A Walk Through Time: Surveying Perachora

Reeham Khandkar spent three weeks in January 2020 as part of the Perachora Peninsula Archaeological Project, conducting an intensive surface survey.

The three weeks I spent on the Perachora Peninsula Archaeological Project were honestly a dream come true. I remember first hearing about the opportunity offered by the project Director and my then unit convenor – the amazing Dr Susan Lupack. An archaeological project in Greece, for an Archaeology student majoring in Ancient Greece? It sounded absolutely perfect. I started the whirlwind experience of being a part of the first-year team at Perachora in January of 2020.

Travelling to Greece for the first time by itself would have been amazing enough, but thanks to Macquarie University and of course the AAIA, I was able to spend it engaging in archaeological fieldwork. At such an incredibly beautiful site too. Being the first year on this project, our work included a lot of groundwork for future years. One of the biggest parts of our work was to conduct an intensive ground survey of the area. This is the research that comes before excavation, which is what most people usually associate with archaeology. Our focus remained on the surrounding settlements and waterworks system associated with the stunning Sanctuary of Hera at the tip of the peninsula. The sanctuary, dedicated to the queen of the Olympian gods, is one of the earliest sanctuaries of historical times, dating to the 8th century B.C.

The Sanctuary of Hera. Photo Credit: Reeham Khandkar
The team by the Heraion. Photo Credit: Susan Lupack

To me, field-survey felt like an adventure. It consisted of walking around the seaside mountainous terrains of Greece, searching for sherds of pottery and other artefacts from thousands of years ago. It was a surreal experience, akin to travelling back in time. Our job included recording artefacts in the area, in a systematic manner. Ideally, we were walking in square units recording every artefact we could see and then collecting diagnostic sherds (which are identifiable sherds such as rims, handles, and bases of pottery vessels, as well as painted pottery). In archaeology, the recording of information is everything. We recorded everything from what our terrain looked like, to taking GPS points of our location. Our data was recorded both on physical paper and on a digital database. All these elements affect our interpretation of what we find, therefore it was important to note and store for easy access later.

Our team powered through a range of landscapes and weather conditions like superheroes, recording everything we found for the greater archaeological record. Although, to be honest, it did take a little time to train your eyes to discern what may be ancient pottery to what was simply pretty rocks. It was unbelievable to me that these ancient artefacts had survived through so many processes, only to be found by me in 2020.

My favourite diagnostic find – painted pottery. Photo Credit: Zedekiah Grisez
One of our surveying grounds, by the ocean. Photo credit: Zedekiah Grisez

By extension to the survey came the post-processing of finds, or as we called it – The Pottery Team. I was very lucky to be a part of this team near the end of our project, as this is where we actually analysed our finds collected at the survey. The whole process in this team included washing, drying, analysing and then photographing the finds. This was where I discovered my love for pottery. With help from the Director, our team would interpret the physical appearance of artefacts, weigh and attempt to date them. This part felt like putting together a puzzle. Based on the broken sherd of an ancient pottery vessel we would construct its type, date and possible function. This was the interpretative purpose of the project and I felt very enlightened when analysing our finds. We had a range of artefacts from different periods, such as the archaic, classical and Hellenistic pottery, as well as some lithics!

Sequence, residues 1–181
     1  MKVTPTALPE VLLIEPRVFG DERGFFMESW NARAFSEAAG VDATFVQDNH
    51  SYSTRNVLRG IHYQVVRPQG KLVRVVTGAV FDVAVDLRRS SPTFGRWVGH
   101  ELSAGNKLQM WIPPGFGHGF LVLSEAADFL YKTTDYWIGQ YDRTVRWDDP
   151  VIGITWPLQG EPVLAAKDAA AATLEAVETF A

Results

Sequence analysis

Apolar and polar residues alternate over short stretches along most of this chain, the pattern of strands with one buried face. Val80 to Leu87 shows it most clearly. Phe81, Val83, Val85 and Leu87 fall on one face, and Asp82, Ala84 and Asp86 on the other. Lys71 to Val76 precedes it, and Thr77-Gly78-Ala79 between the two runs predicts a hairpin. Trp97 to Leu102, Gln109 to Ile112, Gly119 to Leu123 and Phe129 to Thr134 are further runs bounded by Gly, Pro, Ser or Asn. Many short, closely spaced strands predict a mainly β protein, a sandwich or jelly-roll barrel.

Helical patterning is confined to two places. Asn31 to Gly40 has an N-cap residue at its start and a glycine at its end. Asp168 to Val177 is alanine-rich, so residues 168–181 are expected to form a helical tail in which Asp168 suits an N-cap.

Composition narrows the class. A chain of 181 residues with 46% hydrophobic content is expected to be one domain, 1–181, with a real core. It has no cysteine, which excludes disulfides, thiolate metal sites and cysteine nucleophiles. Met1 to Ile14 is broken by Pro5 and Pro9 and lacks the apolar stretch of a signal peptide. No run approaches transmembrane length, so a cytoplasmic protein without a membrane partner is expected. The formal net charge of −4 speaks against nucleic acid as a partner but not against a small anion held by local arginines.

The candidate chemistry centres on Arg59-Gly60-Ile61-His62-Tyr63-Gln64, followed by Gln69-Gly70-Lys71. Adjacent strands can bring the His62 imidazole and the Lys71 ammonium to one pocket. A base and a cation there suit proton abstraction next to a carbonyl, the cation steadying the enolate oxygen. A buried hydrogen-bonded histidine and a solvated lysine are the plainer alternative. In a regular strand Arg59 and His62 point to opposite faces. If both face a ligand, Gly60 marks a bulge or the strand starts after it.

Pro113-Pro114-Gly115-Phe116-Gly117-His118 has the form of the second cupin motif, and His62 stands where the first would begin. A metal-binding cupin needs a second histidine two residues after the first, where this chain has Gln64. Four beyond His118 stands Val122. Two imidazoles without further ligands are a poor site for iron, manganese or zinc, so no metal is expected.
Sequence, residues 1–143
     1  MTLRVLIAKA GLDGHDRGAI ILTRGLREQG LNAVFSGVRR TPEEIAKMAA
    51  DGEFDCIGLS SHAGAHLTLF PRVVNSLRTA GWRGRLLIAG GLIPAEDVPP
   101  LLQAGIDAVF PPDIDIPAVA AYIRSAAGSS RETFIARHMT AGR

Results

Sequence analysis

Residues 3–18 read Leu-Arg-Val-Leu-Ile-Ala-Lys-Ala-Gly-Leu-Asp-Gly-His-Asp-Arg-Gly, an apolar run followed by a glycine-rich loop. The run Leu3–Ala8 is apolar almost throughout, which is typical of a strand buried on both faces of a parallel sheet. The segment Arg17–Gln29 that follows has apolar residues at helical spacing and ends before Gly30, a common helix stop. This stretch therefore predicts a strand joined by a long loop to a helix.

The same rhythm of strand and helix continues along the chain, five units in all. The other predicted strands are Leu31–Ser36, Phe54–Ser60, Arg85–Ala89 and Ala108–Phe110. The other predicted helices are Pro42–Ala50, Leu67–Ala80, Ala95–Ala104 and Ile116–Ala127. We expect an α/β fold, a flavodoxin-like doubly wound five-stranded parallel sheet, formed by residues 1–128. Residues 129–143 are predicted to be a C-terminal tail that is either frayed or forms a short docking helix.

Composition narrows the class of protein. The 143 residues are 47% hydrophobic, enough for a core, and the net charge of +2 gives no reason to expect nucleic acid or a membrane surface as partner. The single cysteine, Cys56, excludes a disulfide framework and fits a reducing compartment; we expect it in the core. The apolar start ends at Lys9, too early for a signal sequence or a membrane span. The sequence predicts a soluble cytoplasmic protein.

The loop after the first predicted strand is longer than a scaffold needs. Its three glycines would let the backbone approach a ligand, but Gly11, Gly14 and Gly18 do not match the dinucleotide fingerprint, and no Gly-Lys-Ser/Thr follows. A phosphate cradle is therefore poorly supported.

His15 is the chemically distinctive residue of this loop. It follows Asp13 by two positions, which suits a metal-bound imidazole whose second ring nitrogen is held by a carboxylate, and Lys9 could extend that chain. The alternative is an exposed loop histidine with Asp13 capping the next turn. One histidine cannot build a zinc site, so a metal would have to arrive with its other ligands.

Drying samples. Photo credit: Nathan Stein

Our trip was also supplemented with tours of Ancient Greek cities on our days off. We had organised trips to the sites of ancient Corinth, Mycenae and Tyrins, sites I had previously studied at university. Nothing compares to seeing and experiencing the physical site which I had only studied theoretically before. Other interesting trips we took were to the sites of the famous ancient Panhellenic Games, including Nemea and Isthmia. One of the best highlights of the trip was our own race at Nemea. I can now proudly say that I raced at the ancient stadium of Nemea, like so many before me. The trips were also educative, to relate these sites back to our own work at Perachora.

The practical experience of the project allowed me to truly appreciate the theories and interpretations I have been learning for two years as an undergraduate student. It has allowed me to envision my future as an archaeologist and has definitely made me realise that this is the career path for me!

About Reeham Khandkar: I am a third-year student at Macquarie University studying a Bachelor of Archaeology. I major in Ancient Greece, Rome and Late Antiquities, however, am interested in all things history and archaeology!

Read the other posts in the Perachora Peninsual Archaeological Project series:

Dr Susan Lupack: Perachora Peninsula Archaeological Project

Samantha Mills: Life on the PPAP

Nathan Stein: Pottery at Perachora: A Photographer’s Journal

Read more from HDR students at Macquarie University on the Ancient History Department blog:



Dr Stavros Paspalas – Director
Australian Archaeological Institute at Athens, Room 480, Madsen Building (F09), University of Sydney NSW 2006 Australia
+61 2 9351 4759 +61 (0)2 9351 7693 arts.aaia@sydney.edu.au